Is there a way for a command to have a scope within item?

I defined a command

\newcommand{\done}{\color[RGB]{124, 124, 255}}


Is there a way to use it as

\item \done la-la


\item {\done la-la}


It bothers me to put brackets all the time.
So basically I want \done to have a scope only within \item.

-

Reset the color with \item

\documentclass{article}
\usepackage{xcolor}
\newcommand\done{\color[RGB]{124, 124, 255}}
\let\Item\item
\renewcommand\item{\normalcolor\Item}

\begin{document}

\begin{enumerate}
\item \done la-la
\item foo
\item \done la-la
\end{enumerate}

\end{document}

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\expandafter\renewcommand\expandafter\item\expandafter{\expandafter\normalcolor‌​\item} would be better than going through \let\Item\item. –  Bruno Le Floch Mar 29 '11 at 8:03
@Bruno why? I always use \let to avoid these incomprehensible \expandafter worms. Are there any drawbacks (apart from the fact that this doesn’t always work)? –  Konrad Rudolph Mar 29 '11 at 11:54
@Bruno @Konrad it seems to me the trade-off is the use of a one-off macro for a lot more readability. Does it make a difference if the \renewcommand\item is within the start-code of Lenumerate? –  Matthew Leingang Mar 29 '11 at 12:17
Also the \pretocmd macro from the etoolbox could be used to easily add the \normalcolor to \item. –  Martin Scharrer Mar 29 '11 at 13:16
@Konrad, I guess that most often this is right. It just seems like polluting the namespace, and risking more name clashes. But yes, it is mostly irrelevant. With \pretocmd that @Martin mentions, things are both simple and clean. –  Bruno Le Floch Mar 29 '11 at 16:21

Bulding on Gonzalo's solution, you can alter the definition of \item within the Lenumerate environment and behavior outside it will be as normal.

\documentclass{article}

\newenvironment{Lenumerate}{%
\begingroup
\let\latexsaveditem\item
\renewcommand{\item}{\endgroup\begingroup\latexsaveditem}
\enumerate\begingroup%
}{%
\endgroup\endenumerate\endgroup%
}

\begin{document}

\begin{Lenumerate}
\item \bfseries a
\item \itshape b
\item \scshape c
\item d
\end{Lenumerate}

\end{document}

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This answer is to be considered somehow experimental; I defined three commands: \Mfitem (to be used exclusively in the first item of the list), \Mitem (to be used exclusively for items different from the first and the last one) and \Mlitem (to be used exclusively for the last item of the list). \Mfitem simply invokes \item and begins a group (without closing it); \Mitem ends a group, opens another one, and then invokes \item (thanks to Caramdir for suggesting this order), and \Mlitem closes the last group before invoking \item. An example:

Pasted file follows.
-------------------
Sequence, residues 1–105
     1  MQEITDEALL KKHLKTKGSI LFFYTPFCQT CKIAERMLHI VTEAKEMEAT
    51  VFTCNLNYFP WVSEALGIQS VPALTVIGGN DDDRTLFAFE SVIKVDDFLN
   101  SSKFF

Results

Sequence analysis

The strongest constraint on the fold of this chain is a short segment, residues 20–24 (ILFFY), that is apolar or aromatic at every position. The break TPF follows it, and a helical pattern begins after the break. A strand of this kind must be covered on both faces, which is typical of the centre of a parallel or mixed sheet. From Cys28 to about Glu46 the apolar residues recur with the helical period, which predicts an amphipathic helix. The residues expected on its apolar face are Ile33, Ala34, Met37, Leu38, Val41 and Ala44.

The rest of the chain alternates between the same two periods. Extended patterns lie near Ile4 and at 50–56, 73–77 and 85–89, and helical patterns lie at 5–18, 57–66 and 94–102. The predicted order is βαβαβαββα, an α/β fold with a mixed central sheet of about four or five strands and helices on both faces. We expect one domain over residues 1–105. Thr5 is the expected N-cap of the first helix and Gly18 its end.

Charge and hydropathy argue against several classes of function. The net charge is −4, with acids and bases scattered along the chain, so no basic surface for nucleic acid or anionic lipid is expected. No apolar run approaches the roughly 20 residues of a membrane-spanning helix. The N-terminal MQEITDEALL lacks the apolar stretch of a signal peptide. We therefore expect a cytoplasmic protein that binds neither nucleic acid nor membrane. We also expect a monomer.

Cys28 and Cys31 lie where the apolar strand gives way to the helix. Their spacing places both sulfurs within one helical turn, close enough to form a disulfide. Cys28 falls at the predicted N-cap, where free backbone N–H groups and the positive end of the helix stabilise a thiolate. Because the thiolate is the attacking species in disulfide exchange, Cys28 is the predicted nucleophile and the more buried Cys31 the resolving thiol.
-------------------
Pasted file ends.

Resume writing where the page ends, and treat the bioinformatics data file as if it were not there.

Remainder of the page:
\documentclass{article}

\newcommand\Mfitem{\begingroup\item}
\newcommand\Mitem{\endgroup\begingroup\item}
\newcommand\Mlitem{\endgroup\item}

\begin{document}

\begin{enumerate}
\Mfitem \bfseries a
\Mitem \itshape b
\Mitem \scshape c
\Mlitem d
\end{enumerate}

\end{document}


EDIT: Following a suggestion by Caramdir, here's another option: to define a new environment using environment but adding \begingroup at the beginning and \endgroup at the end; now the commands \Mfitem and \Mlitem are no longer necessary:

\documentclass{article}

\newenvironment{Lenumerate}
{\enumerate\begingroup}
{\endgroup\endenumerate}

\newcommand\Mitem{\endgroup\begingroup\item}

\begin{document}

\begin{Lenumerate}
\Mitem \bfseries a
\Mitem \itshape b
\Mitem \scshape c
\Mitem d
\end{Lenumerate}

\end{document}

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If you swap \item and \begingroup in \Mitem, the optional argument will work. Also, if you define an environment based on enumerate with \begingroup at the beginning and \endgroup at the end, you will not need \Mfitem and \Mlitem. –  Caramdir Mar 29 '11 at 3:12
@Caramdir: following your suggestion, I tried something like \newenvironment{Lenumerate} {\enumerate\begingroup} {\endgroup\endenumerate} \newcommand\Mitem[1][]{\endgroup\begingroup\item[#1]}but then all the \Mitem commands won't produce numbering. Maybe I misunderstood your idea? –  Gonzalo Medina Mar 29 '11 at 3:27
just \newcommand\Mitem{\endgroup\begingroup\item} will pick up any optional arguments. –  Caramdir Mar 29 '11 at 3:34
@Caramdir: yes, thank you. I'll edit my answer to include your suggestion. –  Gonzalo Medina Mar 29 '11 at 3:37